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Abstract The transit in-vivo dosimetry performed by the Electronic Portal Imaging Device (EPID), avoids the problem of solid-state detector positioning on the patient. Moreover, the dosimetric characterization of the recent Elekta aSi EPIDs in terms of signal stability and linearity enables 40 these detectors adaptable for the transit in-vivo dosimetry with 6, 10 and 15 MV photon beams. However, the implementation of the EPID transit dosimetry requires several measurements. Recently, the present authors have developed an in-vivo dosimetry method for the 3D CRT based on correlation functions defined by the ratios between the transit signal, st (w,L), by the EPID and the phantom mid-plane dose, Dm(w,L), at the Source to Axis Distance (SAD) as a function of the phantom thickness, w, and the square field dimensions, L. When the phantom mid-plane was positioned at distance d from the SAD, the ratios st(w,L)/s't(d,w,L), were used to take into account the variation of the scattered photon contributions on the EPID as a function of, d and L. The aim of this paper was the implementation of a procedure that uses generalized correlation functions obtained by nine Elekta Precise linac beams. The procedure can be used by other Elekta Precise 50 linacs equipped with the same aSi EPIDs assuring the stabilities of the beam output factors and the EPID signals. The calibration procedure of the aSi EPID here reported avoids measurements in solid water equivalent phantoms needed to implement the in-vivo dosimetry method in the radiotherapy center. A tolerance level ranging between ±5% and ±6% (depending on the type of tumor) was estimated for the comparison between the reconstructed isocenter dose, Diso and the computed dose Diso,TPS by the treatment planning system (TPS). Introduction The dose reconstructions performed during the treatment are compared to an expected dose supplied by the treatment planning system (TPS) to check the presence of discrepancies due to 60 errors by data transfer from the TPS to the radiotherapy unit in the functioning of the treatment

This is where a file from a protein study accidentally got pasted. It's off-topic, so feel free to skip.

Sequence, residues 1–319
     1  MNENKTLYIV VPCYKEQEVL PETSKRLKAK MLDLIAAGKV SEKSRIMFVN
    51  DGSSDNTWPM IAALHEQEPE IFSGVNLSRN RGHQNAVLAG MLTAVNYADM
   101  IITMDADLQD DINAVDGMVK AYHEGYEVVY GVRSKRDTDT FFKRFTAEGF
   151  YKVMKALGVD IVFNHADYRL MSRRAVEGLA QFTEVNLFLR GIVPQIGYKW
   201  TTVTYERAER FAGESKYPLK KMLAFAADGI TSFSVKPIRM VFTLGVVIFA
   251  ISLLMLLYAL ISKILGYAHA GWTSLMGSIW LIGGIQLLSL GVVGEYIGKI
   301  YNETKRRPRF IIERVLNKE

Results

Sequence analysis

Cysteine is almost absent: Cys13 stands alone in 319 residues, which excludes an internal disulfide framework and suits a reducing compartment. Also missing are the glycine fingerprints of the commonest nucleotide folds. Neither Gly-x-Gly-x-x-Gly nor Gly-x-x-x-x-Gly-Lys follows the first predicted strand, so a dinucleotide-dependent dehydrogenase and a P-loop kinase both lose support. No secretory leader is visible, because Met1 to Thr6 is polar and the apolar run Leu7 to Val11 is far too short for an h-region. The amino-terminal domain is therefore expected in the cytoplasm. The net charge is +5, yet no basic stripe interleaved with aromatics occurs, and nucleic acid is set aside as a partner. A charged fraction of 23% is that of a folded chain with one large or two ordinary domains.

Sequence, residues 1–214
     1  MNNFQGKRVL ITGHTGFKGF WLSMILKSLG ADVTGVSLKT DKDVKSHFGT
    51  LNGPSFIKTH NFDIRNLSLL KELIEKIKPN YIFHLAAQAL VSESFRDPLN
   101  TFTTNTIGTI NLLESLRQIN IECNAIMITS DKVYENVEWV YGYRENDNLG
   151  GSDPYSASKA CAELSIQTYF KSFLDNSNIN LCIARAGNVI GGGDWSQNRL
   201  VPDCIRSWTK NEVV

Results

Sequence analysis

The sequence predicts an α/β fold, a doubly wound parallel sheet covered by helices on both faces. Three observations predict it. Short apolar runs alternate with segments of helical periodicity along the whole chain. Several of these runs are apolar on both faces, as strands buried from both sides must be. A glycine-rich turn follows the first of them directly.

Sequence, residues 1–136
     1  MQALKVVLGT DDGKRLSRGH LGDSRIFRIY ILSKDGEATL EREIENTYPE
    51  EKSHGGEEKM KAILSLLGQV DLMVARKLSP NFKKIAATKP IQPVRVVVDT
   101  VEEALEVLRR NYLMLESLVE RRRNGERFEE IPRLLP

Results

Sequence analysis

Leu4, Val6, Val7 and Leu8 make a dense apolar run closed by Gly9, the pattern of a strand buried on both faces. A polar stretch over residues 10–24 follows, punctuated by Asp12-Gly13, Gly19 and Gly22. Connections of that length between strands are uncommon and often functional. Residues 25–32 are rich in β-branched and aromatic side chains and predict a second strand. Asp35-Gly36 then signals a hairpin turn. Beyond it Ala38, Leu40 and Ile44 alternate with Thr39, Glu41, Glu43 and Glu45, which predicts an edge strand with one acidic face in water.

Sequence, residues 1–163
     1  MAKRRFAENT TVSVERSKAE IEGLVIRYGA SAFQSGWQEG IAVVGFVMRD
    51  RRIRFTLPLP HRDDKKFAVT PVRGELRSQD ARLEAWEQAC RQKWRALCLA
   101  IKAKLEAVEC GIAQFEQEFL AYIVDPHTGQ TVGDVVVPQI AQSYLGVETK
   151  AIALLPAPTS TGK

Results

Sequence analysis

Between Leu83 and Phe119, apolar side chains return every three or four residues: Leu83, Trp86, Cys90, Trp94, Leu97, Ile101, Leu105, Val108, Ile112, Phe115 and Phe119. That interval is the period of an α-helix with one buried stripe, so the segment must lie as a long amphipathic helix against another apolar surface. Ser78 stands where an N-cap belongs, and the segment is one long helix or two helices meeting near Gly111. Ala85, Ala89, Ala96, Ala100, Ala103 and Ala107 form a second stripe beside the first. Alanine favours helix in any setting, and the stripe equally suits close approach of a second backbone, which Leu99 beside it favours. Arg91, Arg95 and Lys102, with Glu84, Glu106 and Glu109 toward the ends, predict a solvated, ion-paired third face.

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equipment, and the accuracy of the dose calculation algorithms employed by the TPS and errors due to the patient set-up or patient morphology changes. A standard in-vivo dosimetry technique is based on the entrance dose reconstruction using a solid state detector on the patient surface (1). These in-vivo dosimetry techniques are generally applied only for an initial check because they require workload for detector positioning and corrections for their x-ray fluence absorption. The increasing complexity of techniques in radiotherapy requires an accurate verification of the dose delivered to the patient and several researches have been addressed to pre-treatment dose verification for intensity modulation radiotherapy (IMRT) and to reconstruct the delivered patient 70 dose during the treatment by means of electronic portal imaging devices (EPIDs) (2,3,4). As respect to the traditional EPIDs such as fluoroscopic screen/camera-based and liquid-filled matrix ionization chambers, the new generation of EPIDs, equipped with amorphous silicon (aSi) flat panels, supply more stable transit signals and are suitable as transit detectors. Recently, the authors have developed an in-vivo dosimetry method based on correlation functions defined by the ratios between the transit signal, st, measured by aSi EPIDs, and the solid water phantom mid-plane doses, Dm, measured by an ion-chamber positioned along the central axis (5). The aim of the present paper has been the determination of the generalized correlation functions for the recent Elekta IviewGT aSi EPIDs needed to implement an in-vivo transit dosimetry method for the 3D conformed radiotherapy (3DCRT). This way, the efforts for the measurements in solid 80 water-phantom, needed to implement the method in other centres are avoided. Materials and methods Linac units In this work, 9 x-ray beams of 6, 10 and 15 MV supplied by three Elekta Precise linacs (Elekta, Stockholm, Sweden) have been used to obtain the generalized correlation functions for the implementation of an in-vivo dosimetry method. Table I reports some characteristics of the linacs examined in this work operating at the Università Cattolica del Sacro Cuore (UCSC) of